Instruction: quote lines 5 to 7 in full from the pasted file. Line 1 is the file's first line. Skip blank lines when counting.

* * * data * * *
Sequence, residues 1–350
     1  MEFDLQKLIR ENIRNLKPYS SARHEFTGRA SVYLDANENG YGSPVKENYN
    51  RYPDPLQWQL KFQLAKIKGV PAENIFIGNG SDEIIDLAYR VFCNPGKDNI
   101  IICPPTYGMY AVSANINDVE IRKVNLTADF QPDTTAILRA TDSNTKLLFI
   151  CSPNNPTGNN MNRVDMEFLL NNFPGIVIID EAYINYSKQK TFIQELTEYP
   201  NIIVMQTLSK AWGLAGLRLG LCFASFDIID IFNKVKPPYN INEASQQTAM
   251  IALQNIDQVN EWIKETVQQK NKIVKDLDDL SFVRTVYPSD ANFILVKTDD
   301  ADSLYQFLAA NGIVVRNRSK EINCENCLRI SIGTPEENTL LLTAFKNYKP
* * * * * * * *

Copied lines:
   151  CSPNNPTGNN MNRVDMEFLL NNFPGIVIID EAYINYSKQK TFIQELTEYP
   201  NIIVMQTLSK AWGLAGLRLG LCFASFDIID IFNKVKPPYN INEASQQTAM
   251  IALQNIDQVN EWIKETVQQK NKIVKDLDDL SFVRTVYPSD ANFILVKTDD